Rio Olympics cutting costs with Brazil deep in recession
RIO DE JANEIRO (AP) Olympic organizers, faced with the reality of a country deep in recession, are trimming costs to keep their budget balanced.
To keep spending in line, officials say they will cut back on volunteers, reduce staffing at dozens of test events and trim costs for the opening and closing ceremonies of the Olympics and Paralympics in Rio de Janeiro.
''This is a very strict budget,'' said Sidney Levy, the organizing committee's chief executive officer. ''There'll be no excess, but we are not going to compromise the essentials.''
Levy has said often over the last few months he will trim costs and cut non-essential purchases.
News of the budget austerity comes as hundreds of journalists from around the world are in Rio this week visiting Olympic venues and talking with organizers about how the games will run when they open Aug. 5, 2016.
Organizing committee spokesman Mario Andrada said Tuesday the cuts came during a periodic budget review. He estimated without trimming, expenditures would exceed income by ''around 10 percent.''
''A lot of areas have built fat in their planning,'' Andrada said. ''What we're trying to do is to identify if there is any fat.''
The organizing committee's budget remains at 7.4 billion reals ($2 billion), which is for putting on the games themselves. It does not include building venues, subway lines and highways to help stage the games.
Operating income is from ticket sales, local sponsorships, merchandising and licensing with the largest contribution from the International Olympic Committee.
''We need to make sure we get into the final stretch with enough budget revenue to go all the way,'' Andrada said.
Andrada said cuts could include reductions in printed materials, changes in ''backstage costs'' unseen by fans, and using as many as 10,000 fewer unpaid volunteers.
Plans call for 45,000 volunteers for the Olympics and 25,000 for the Paralympics.
''We're trying to see if volunteers who work in the Olympics can do the same work in the Paralympics,'' Andrada said. ''If we can achieve that we can save some money.''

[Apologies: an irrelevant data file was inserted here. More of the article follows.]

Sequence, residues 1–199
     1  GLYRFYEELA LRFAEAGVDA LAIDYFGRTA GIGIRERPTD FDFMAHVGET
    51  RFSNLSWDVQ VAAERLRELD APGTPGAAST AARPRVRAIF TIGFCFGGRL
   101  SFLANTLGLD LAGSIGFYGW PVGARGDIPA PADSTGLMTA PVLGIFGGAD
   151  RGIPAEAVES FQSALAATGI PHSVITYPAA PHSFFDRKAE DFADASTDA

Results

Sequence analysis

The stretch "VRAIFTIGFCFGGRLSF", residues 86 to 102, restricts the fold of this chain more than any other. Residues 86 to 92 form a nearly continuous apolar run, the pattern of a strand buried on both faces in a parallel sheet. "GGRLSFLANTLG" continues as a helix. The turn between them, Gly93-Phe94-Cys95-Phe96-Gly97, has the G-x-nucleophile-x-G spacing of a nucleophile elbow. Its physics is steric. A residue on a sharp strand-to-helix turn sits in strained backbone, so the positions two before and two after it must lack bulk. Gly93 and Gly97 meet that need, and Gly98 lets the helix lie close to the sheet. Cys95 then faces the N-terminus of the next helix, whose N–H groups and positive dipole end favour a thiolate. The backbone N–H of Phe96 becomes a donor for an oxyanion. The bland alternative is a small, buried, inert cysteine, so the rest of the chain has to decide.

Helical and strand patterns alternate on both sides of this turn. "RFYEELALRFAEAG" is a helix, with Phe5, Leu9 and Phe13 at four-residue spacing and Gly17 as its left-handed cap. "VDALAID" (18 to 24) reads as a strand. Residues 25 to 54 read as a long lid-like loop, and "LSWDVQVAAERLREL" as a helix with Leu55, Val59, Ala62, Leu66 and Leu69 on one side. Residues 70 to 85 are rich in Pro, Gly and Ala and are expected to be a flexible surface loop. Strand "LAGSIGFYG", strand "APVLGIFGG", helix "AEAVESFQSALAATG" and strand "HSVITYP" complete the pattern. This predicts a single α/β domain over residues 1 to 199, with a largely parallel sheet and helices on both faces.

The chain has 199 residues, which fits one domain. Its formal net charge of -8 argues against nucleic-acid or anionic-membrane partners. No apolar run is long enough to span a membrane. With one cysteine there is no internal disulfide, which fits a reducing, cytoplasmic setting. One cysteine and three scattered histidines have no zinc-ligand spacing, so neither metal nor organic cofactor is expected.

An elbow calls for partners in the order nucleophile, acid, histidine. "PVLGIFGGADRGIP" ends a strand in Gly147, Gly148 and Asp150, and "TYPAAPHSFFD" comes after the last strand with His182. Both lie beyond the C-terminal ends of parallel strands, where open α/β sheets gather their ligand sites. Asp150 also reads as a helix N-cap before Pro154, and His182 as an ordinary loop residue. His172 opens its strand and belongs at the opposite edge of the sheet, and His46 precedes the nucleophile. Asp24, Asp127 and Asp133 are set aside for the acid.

The volunteers are unpaid and must pay their own lodging. However, they are given uniforms, transportation to venues and meals the days they work.
Andrada said that only 2 million of about 5 million tickets allocated to Brazilians had been sold. Another 2.25 million are earmarked for sales outside Brazil. He said ticket revenue represented about 20 percent of the income for the operating budget.
Brazil hosted the World Cup last year with year-long protests leading up to the event.
Now the Olympics are causing another strain.
Brazil's currency has lost 70 percent of its value against the dollar in the last year and inflation is running at 10 percent. The economy is expected to remain in a steep recession through the games, and there are calls to impeach President Dilma Rousseff, partly driven by a $2 billion bribery scandal involving state-run oil company Petrobras.
When Rio won the Olympic bid in 2009, a $700 million contingency fund was available from the federal government to cover any cost overruns. Since then, organizers have promised not to use that money with politicians unwilling to be seen supporting such spending with the country in recession.
Olympic organizers also face other problems.
The venues for sailing, rowing, canoeing, triathlon and open water swimming are heavily polluted with viruses and bacteria with only stop-gap measures possible to contain the problem. Organizers have said athletes are not at risk, though some athletes have openly questioned competing in the dirty water.
An Associated Press study published on July 30 showed high levels of viruses in all of Rio's water. Organizers say they are looking at viral testing but do not plan to move any venues.
See the summary findings and methodology of the AP's study: http://apne.ws/1IFxS9h
AP Sports Writer Stephen Wilson contributed to this report.
Stephen Wade on Twitter: http://twitter.com/StephenWadeAP